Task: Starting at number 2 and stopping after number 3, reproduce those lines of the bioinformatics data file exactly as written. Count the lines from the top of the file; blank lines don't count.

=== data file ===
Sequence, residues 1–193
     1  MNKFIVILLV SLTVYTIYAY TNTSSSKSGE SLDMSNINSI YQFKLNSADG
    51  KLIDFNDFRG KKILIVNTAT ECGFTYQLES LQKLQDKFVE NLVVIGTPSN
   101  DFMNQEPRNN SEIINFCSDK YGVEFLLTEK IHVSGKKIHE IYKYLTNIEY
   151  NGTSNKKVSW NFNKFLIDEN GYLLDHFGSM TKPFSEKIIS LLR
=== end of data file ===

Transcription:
     1  MNKFIVILLV SLTVYTIYAY TNTSSSKSGE SLDMSNINSI YQFKLNSADG
    51  KLIDFNDFRG KKILIVNTAT ECGFTYQLES LQKLQDKFVE NLVVIGTPSN